Wednesday, May 27, 2020

Long Lake Needs Your Help: Increase your knowledge of Long Lake!

Below are Additional Ways You and Your Family
May Help Preserve and Protect Your Long Lake

Long Lake “Eyes on the Water” Early Detection for Aquatic Invasive Species Program Needs:   

People who can use their boats to troll their section of the lake for a couple of hours twice a summer (mid-June & August). You will be looking at aquatic vegetation in the shallow areas for suspicious vegetation to sample.  You simply peer into the water with polarized sunglasses on a calm day as you troll the vegetated area of the lake. Resource guides will be provided for comparison purposes. The goal of early detection of invasive species is to help LLAA to respond to problems areas while they are small.

There is an opportunity to be trained at one of the two training sessions planned for 6/18 or else 8/6/2020 at 10 AM, or at your convenience if neither training date works for you.  We will follow social distancing guidelines; you provide your own mask and gloves.

If this sounds interesting and/or if you have more questions, provide your contact information for to LLAA AIS detection team.  It is key to find invasive species early before they spread.

Be a Part of our Eyes on the Water Early Detection Program.

Neighborhood Docks Needed as Host Sites to Hang 10” PVC pipe for Zebra Mussel Early Detection.
Do you have room under your dock to hang a 10” (or 24") white PVC pipe called a Zebra Mussel Settlement Sampler (ZMSS)?

Hang it about a foot off the bottom of the lake this summer in a shady area.  The ZMSS will help with early detection of zebra mussel invaders.  We would like to have these placed all around the lake for early detection coverage.  A Free 10" X 4" ZMSS will be provided for you to hang under your dock. email:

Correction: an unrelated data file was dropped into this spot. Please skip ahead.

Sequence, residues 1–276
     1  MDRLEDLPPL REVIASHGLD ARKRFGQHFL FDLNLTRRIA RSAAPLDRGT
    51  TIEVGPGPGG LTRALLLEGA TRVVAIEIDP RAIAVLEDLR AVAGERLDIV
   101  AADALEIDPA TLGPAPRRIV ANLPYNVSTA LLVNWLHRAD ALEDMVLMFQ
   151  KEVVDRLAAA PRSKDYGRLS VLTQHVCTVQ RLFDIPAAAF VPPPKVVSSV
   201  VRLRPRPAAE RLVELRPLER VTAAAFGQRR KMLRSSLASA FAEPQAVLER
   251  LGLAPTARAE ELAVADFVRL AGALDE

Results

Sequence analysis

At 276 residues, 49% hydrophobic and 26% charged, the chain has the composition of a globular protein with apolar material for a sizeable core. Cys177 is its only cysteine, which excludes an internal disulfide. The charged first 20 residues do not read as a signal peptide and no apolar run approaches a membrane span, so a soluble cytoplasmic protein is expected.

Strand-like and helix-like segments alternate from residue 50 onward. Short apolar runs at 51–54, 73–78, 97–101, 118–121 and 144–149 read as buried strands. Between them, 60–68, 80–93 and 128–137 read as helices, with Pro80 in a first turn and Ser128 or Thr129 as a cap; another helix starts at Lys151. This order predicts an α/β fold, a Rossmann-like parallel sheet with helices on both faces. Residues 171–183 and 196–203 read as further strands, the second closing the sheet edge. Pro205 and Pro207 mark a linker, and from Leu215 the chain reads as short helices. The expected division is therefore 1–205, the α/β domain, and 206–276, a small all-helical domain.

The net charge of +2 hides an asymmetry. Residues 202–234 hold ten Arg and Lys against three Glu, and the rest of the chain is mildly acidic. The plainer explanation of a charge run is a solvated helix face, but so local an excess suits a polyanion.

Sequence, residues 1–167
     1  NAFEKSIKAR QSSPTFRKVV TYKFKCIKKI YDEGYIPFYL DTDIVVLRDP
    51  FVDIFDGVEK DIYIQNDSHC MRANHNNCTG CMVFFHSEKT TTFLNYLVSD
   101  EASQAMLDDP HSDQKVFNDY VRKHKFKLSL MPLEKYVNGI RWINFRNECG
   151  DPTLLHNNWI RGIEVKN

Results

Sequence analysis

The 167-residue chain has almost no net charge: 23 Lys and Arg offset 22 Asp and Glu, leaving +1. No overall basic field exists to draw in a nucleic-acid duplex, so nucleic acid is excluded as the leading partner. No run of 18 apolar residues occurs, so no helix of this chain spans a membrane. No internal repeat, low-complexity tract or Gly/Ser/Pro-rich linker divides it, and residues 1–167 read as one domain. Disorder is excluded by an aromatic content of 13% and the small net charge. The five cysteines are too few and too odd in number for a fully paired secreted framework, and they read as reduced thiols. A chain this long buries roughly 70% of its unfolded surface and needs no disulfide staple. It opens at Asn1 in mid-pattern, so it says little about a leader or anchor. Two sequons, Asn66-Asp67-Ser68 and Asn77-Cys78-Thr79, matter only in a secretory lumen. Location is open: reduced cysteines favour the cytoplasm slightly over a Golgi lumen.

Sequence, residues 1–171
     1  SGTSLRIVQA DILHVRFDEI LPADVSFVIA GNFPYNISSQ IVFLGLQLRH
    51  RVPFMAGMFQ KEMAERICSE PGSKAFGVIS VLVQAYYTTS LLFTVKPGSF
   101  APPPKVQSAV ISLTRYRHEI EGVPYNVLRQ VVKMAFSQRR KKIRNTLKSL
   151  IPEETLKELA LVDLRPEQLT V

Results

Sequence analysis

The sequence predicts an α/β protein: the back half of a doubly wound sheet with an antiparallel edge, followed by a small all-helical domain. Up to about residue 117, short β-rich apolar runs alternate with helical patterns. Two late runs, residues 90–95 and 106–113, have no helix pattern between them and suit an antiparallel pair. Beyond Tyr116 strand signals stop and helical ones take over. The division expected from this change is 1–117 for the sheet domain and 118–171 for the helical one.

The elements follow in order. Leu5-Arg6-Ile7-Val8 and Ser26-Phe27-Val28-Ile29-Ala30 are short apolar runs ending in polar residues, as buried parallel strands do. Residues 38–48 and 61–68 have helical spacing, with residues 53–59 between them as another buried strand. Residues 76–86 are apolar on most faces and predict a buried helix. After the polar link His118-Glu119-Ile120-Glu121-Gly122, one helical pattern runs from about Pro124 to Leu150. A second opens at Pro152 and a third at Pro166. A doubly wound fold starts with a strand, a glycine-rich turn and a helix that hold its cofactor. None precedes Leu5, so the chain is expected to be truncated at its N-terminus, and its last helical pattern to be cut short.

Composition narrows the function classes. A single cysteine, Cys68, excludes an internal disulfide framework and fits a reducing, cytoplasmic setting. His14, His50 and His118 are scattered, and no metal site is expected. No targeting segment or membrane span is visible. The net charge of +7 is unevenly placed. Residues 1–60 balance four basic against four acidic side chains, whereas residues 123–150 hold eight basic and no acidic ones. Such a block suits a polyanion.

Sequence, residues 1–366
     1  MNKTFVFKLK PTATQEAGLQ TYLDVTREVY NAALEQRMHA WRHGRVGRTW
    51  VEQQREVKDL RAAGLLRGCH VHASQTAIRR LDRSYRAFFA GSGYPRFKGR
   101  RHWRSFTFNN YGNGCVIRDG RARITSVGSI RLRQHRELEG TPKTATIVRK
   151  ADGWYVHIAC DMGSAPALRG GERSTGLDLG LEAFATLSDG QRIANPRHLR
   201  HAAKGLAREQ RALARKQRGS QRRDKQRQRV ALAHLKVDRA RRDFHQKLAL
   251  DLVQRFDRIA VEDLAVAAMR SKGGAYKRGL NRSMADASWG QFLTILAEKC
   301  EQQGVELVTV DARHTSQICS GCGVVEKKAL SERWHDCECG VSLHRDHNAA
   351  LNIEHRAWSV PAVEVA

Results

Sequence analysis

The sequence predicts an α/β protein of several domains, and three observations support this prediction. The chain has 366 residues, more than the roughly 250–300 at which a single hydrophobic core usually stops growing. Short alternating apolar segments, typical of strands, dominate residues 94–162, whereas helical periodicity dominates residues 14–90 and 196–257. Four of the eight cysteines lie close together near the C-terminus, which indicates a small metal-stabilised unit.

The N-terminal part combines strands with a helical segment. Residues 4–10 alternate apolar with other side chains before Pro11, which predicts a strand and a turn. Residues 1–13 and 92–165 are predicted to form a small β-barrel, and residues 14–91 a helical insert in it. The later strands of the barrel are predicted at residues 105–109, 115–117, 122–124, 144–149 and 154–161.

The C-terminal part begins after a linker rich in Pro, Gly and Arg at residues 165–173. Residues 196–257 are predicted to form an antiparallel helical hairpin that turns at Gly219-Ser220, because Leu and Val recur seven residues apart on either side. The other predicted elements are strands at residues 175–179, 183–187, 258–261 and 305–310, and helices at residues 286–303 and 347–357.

You can begin checking it in August every couple weeks for tiny zebra mussels.  You can report on it electronically each autumn.  If you already have a ZMSS please put it out. For more information on tips and techniques for monitoring for AIS, check out this link:

Report new infestations
If you suspect a new infestation of an aquatic invasive plant or animal, note the exact location, take a photo or keep the specimen, and call the AIS specialist in your region.

Monday, April 27, 2020

It's official! Ice out for Long Lake 2020, Sunday, April 26th.

At last!  All of our spotters have confirmed that Long Lake is ice free.
The Ice Out date for Long Lake in Hubbard county in 2020 is officially April 26.

Photo by Linda LK Johnson
We had 91 people submit guesses for the date of Ice Out this year. Just two people, Joy Derr and Katy Howe, picked the right ice out date. Congratulations to them both!  They get bragging rights and everyone who entered the contest will be part of a drawing for the prize quilt donated by Monika's Quilt and Yarn Shop. The drawing will be held at our Annual Meeting.

Thursday, April 23, 2020

A Revised Invitation: Drive Through Planting Demonstration

This information has been revised due to updated COVID-19 guidelines


Drive Through Only! At the South Access on Long Lake in Hubbard, MN.